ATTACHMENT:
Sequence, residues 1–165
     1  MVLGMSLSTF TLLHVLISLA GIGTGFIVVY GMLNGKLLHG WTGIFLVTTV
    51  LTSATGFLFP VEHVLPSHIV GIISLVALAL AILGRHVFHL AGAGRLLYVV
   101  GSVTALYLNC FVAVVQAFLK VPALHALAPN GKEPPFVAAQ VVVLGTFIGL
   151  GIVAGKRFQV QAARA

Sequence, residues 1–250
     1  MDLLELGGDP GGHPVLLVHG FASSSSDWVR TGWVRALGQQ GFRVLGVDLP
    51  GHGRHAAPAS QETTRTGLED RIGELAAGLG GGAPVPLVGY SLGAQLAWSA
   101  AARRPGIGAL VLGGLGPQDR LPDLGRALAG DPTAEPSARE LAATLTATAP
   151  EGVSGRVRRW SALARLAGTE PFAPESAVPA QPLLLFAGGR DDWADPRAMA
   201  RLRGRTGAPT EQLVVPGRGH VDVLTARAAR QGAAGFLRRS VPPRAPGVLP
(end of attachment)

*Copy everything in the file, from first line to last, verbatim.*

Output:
Sequence, residues 1–165
     1  MVLGMSLSTF TLLHVLISLA GIGTGFIVVY GMLNGKLLHG WTGIFLVTTV
    51  LTSATGFLFP VEHVLPSHIV GIISLVALAL AILGRHVFHL AGAGRLLYVV
   101  GSVTALYLNC FVAVVQAFLK VPALHALAPN GKEPPFVAAQ VVVLGTFIGL
   151  GIVAGKRFQV QAARA

Sequence, residues 1–250
     1  MDLLELGGDP GGHPVLLVHG FASSSSDWVR TGWVRALGQQ GFRVLGVDLP
    51  GHGRHAAPAS QETTRTGLED RIGELAAGLG GGAPVPLVGY SLGAQLAWSA
   101  AARRPGIGAL VLGGLGPQDR LPDLGRALAG DPTAEPSARE LAATLTATAP
   151  EGVSGRVRRW SALARLAGTE PFAPESAVPA QPLLLFAGGR DDWADPRAMA
   201  RLRGRTGAPT EQLVVPGRGH VDVLTARAAR QGAAGFLRRS VPPRAPGVLP